Guest blog post by Pam Devers
I grew up as the typical “small town girl living in a small town world” (Journey). In the eighth grade my mind was set that I was going to be a science teacher and teach in my hometown. It took about a decade of working in a lab and jobs in even smaller schools to make it back to my town with a population of nine thousand. Contentment was mine at this point, but then I found out through NSTA that there was more than just the NE corner of the fly over state of Oklahoma.
For years I had gone to workshops locally, but then I heard about NSTA having a conference in San Diego. A fellow teacher and I asked our principal if we could go. We figured the least they could say was no, which would not have hurt us. Instead, we got a yes and did our little victory jig. The whole conference weekend kept my mind in overdrive from all the new ideas discussed and shown at the sessions. I was hooked, so of course we asked the next year and the next. Sometimes we got a quick yes, sometimes we heard others should be allowed an opportunity to attend in their fields but many never applied. For years we did our little dance and opened our world.
I have seen famous people speak telling about their insights. My claim to fame that I tell my students, is when I touched Bill Nye. Really, I was going up an escalator as I saw him making his way up the stairs beside my sloth way of maneuvering. I got off fast then walked swiftly to tap him on the shoulder to get his attention. He turned around, politely listened to my rambling introduction and admirations then we parted. My students know me well enough, so I tell the true story as they grin and roll their eyes at me.
I emulate demonstrations and lessons learned from teachers around the country. They also explained the success and failures to avoid they experienced. Exhibit booths of equipment beckon to be in my classroom. During the conference, I make a list to write grants for more TOYS (T.angible O.bjects Y.ielding S.cience). The main downfall to this is when I have to pack all my collected toy boxes to get my room ready to paint for the summer.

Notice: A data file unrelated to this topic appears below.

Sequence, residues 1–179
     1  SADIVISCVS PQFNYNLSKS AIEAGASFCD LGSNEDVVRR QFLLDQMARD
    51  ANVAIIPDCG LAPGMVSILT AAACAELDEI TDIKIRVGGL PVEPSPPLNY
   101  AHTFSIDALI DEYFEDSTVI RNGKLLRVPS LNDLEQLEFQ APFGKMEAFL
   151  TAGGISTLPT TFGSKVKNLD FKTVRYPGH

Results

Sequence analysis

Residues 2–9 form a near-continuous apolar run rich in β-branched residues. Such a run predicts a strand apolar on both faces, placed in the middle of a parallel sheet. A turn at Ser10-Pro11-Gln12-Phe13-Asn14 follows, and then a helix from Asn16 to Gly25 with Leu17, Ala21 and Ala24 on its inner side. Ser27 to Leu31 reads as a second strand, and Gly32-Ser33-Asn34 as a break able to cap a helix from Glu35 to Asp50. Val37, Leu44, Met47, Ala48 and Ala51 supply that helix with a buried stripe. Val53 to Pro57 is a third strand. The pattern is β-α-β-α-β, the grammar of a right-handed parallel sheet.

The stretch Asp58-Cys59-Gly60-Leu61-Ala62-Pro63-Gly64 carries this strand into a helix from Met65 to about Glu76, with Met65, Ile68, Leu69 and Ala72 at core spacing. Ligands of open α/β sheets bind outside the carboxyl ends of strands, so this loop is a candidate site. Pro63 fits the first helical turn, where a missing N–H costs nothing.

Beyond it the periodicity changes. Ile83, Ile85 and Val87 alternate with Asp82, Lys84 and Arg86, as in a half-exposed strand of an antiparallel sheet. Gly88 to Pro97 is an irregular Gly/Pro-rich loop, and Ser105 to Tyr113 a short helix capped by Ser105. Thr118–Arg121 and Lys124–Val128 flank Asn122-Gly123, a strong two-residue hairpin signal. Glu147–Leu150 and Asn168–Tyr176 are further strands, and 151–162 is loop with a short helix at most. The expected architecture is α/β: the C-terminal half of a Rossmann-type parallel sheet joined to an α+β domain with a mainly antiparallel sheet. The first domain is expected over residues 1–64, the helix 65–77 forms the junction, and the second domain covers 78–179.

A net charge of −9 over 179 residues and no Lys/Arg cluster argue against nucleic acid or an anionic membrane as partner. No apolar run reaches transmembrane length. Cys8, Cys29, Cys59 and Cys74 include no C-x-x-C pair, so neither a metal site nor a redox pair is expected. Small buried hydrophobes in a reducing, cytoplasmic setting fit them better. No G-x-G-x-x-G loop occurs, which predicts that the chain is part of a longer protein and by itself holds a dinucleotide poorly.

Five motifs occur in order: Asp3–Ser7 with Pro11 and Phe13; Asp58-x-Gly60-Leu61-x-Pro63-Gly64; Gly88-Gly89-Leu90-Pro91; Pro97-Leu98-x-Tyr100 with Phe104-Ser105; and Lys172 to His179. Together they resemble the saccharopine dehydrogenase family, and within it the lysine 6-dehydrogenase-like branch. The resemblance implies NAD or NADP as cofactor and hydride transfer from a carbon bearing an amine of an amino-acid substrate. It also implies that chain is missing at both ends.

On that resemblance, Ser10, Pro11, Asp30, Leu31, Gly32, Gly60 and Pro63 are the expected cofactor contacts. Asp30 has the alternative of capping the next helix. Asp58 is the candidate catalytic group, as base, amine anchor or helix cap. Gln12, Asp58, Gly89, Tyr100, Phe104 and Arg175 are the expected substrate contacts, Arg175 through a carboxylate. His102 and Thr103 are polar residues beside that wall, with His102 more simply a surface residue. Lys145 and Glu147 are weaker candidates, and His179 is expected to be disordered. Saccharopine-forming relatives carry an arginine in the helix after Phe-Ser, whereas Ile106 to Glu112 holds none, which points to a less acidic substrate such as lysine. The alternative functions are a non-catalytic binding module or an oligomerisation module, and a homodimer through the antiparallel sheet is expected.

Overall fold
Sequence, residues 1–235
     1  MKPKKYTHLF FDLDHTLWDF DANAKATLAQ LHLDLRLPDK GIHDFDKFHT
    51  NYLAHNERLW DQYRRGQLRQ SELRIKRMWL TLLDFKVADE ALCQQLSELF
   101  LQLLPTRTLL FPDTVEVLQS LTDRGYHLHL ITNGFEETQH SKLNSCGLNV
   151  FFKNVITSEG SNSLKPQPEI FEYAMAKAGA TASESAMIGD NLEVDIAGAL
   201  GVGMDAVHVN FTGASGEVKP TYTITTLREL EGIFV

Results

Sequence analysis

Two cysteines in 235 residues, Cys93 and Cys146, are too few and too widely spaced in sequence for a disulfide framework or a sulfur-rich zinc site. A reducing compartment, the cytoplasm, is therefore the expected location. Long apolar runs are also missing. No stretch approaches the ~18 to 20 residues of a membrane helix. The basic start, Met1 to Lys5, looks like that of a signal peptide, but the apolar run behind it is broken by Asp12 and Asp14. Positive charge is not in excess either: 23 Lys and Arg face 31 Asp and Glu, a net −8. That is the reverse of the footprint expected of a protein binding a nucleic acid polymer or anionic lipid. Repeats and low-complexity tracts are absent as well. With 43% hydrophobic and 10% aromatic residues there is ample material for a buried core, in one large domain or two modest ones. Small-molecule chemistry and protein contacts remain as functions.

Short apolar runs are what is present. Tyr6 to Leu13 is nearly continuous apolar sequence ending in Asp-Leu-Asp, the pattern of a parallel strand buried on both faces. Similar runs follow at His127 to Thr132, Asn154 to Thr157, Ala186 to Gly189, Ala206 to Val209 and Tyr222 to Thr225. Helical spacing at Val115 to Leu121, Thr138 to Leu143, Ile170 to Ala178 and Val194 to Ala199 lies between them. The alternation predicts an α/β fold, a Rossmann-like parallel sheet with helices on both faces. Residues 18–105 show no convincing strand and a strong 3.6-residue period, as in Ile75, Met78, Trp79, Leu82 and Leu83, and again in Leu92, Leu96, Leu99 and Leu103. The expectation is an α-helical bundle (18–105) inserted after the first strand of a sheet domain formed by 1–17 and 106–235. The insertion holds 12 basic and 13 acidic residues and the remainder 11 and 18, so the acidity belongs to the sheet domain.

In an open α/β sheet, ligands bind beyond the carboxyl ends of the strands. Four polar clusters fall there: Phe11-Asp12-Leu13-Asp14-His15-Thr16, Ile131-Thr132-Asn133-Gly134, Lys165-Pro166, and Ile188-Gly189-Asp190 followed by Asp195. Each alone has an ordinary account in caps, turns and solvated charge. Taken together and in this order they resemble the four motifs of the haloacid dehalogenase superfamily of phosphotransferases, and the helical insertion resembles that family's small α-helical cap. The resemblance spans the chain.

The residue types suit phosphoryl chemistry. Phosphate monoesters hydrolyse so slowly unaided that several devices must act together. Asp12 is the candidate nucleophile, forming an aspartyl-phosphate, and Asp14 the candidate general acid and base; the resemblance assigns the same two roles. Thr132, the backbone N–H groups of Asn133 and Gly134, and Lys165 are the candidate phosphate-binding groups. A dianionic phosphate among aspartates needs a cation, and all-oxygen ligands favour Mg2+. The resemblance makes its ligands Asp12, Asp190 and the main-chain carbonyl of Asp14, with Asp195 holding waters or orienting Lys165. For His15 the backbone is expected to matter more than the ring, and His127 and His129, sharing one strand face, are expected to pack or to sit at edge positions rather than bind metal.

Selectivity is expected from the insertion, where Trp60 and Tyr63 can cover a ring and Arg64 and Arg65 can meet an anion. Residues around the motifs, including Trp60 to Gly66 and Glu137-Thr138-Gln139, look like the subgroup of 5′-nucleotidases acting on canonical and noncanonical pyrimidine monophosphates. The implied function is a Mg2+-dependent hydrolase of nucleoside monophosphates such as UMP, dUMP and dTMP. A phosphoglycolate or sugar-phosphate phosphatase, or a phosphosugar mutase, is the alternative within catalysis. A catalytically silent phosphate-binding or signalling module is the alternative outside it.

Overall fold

The conferences have taken me to major cities within our nation, which I would not have seen otherwise. NSTA also has shown me other opportunities to learn more from others outside of conferences. I was truly blessed with a trip of a lifetime to Japan for the TOMODACHI STEM Leadership Conference with amazing teachers and students. I just saw on Facebook one of our students won the Toshiba ExploraVision competition which thrills me. This year, I applied and get to go to Canada for the EINSTIENPLUS workshop which I am super excited about attending. I would not have known about it if I did not get NSTA’s publication listing it as an available resource for teachers.
I was fifty when I went to Japan and started filling out applications of opportunities outside of my little world. I have been told no a few times, pouted a little, but then filled out more applications. My classroom career has a few more years left. If I had things to do over, I would have looked out into the big picture sooner but I will always be thankful for my membership with NSTA.
Pam Devers teaches Chemistry I, Honors Chemistry II, Honors Physics, and Teach Oklahoma at Pryor High School in Pryor, Oklahoma. This year marks Devers’ 30th year of teaching.